Our daughter, Abigail, got her license a few weeks back. It was a long time in coming. She completed driver's education when we lived in Indiana, but we moved to Michigan just a few weeks before she was eligible to get her Indiana license. Initially we thought we might let her just use our old Indiana address to get her license and then just transfer it to Michigan. After rethinking it, though, we thought it would be simpler to just make one transaction after we moved.
We were wrong. She had to get her Michigan driver's permit and then undergo a second driver's ed class. Then, she had to take her driver's test. She passed with flying colors and we headed into East Lansing for the MSU vs. Purdue football game to celebrate. The following Monday she and I went to the Secretary of State and she became a full-fledged driver.
The last couple of weeks have been about us taking the training wheels off. He first trip was to the Student Leader meeting for South's youth group. She drove her brothers to school several times. Youth group trips on Sunday night were part of the process, too. The real test, however, took place today when she and her brothers headed south to Grandma and Grandpa's house in Butler, Indiana. The two hour trip took them down Interstate 69 at 70 mph.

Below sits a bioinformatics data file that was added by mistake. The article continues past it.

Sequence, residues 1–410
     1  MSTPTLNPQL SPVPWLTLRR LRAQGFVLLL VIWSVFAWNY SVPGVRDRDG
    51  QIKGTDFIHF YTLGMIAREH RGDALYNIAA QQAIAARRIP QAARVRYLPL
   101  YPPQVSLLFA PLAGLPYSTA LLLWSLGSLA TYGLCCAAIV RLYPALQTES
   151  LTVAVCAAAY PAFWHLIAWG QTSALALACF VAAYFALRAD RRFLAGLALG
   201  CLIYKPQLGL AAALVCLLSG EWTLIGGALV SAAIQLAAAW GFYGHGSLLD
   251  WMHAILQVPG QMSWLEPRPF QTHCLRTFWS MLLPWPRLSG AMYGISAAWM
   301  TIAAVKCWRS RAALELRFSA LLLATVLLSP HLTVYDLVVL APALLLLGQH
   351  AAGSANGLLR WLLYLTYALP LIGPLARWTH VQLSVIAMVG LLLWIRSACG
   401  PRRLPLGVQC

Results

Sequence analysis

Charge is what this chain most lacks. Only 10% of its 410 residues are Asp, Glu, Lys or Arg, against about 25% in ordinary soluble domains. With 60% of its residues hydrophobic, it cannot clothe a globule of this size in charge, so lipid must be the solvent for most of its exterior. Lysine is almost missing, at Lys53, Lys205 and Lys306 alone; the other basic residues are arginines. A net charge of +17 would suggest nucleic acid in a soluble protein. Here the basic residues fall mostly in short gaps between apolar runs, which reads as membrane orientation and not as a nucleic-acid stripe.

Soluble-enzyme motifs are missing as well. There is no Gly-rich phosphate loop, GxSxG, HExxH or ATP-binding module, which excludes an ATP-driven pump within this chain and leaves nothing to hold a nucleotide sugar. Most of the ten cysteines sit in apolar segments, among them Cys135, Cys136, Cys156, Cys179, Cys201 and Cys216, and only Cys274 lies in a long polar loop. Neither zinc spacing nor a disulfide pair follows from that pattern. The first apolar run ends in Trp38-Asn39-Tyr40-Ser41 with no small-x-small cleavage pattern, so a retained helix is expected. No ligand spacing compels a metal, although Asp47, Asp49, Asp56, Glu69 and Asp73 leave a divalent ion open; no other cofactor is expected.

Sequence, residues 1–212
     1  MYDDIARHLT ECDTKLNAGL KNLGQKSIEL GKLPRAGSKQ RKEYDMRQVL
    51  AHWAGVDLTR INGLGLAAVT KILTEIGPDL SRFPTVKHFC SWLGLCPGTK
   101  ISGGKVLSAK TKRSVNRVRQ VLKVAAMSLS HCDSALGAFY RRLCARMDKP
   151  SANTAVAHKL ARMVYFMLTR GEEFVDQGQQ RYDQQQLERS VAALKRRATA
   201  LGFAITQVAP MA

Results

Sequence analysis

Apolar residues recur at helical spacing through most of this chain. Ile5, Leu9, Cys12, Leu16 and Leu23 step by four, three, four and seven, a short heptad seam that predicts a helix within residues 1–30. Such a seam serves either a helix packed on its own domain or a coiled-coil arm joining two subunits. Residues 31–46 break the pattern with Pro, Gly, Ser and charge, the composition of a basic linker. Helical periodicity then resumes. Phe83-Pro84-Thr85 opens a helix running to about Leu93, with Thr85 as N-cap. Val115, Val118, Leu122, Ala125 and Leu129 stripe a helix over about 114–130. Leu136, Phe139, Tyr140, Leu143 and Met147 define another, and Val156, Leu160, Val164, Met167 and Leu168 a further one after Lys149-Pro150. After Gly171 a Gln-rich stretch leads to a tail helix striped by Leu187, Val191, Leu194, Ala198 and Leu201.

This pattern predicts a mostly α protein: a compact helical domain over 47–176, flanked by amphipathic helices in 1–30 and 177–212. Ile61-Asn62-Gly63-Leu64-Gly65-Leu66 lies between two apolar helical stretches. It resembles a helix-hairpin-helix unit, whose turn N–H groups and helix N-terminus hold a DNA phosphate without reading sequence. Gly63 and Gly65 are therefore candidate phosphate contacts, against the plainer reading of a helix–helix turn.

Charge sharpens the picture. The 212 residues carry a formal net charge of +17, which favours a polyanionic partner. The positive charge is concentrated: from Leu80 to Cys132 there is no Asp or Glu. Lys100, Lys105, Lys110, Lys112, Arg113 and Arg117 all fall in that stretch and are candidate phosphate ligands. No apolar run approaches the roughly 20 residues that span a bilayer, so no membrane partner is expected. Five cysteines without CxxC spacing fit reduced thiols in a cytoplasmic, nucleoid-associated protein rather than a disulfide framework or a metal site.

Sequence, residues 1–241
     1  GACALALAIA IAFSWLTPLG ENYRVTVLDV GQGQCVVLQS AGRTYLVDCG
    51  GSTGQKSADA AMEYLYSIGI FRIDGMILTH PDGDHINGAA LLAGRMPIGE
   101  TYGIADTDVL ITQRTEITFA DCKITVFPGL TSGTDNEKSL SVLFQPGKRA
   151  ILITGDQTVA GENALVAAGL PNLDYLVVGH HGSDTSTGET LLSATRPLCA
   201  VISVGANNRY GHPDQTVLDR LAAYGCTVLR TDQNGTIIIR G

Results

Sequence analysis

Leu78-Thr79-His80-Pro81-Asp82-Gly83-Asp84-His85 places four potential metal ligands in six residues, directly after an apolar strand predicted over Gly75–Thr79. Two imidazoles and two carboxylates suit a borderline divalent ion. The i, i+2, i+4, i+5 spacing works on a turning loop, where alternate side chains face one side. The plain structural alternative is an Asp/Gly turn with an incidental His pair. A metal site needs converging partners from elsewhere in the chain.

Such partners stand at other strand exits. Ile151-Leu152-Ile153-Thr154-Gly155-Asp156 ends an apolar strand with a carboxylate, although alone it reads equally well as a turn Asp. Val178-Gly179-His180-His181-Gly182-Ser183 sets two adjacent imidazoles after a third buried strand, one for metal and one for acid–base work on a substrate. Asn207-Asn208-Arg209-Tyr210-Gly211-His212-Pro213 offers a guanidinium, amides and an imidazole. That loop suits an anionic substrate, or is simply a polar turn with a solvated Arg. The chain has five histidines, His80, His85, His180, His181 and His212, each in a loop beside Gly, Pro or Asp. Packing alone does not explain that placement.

The thought of everything that matters to Tracy and I heading down the highway at any speed faster than a Huffy made me twitch. I had them call me when they left the house, when they got on the interstate, when they crossed the state line, when they got off the interstate . . . you get the idea. They arrived safely. End of anxiety, right?
A couple hours after arriving in Butler Abby called to ask if she could go to a movie with her friend, John. Who is a boy. Who would be driving her. To the movie. And back to her grandparents. Her first official car date?
I said that this weekend's trip was about us removing the training wheels. The truth is, I think maybe it is more about me learning to let go. To be completely honest, it hurts because I know where this is all headed. Seventeen years ago my wife and I went on our first "post-baby" date and entrusted our little girl to a babysitter for the first time. Today we're racing toward Abby moving into a college dorm and, (gulp!) walking down a church aisle.
When I was about to become a father for the first time a wiser, older man told me, "Frank your children will break your heart." As he was the father of a great kid that made him proud then (and since with a great husband, career, and beautiful granddaughter), I was puzzled by his comment.
I understand now. . .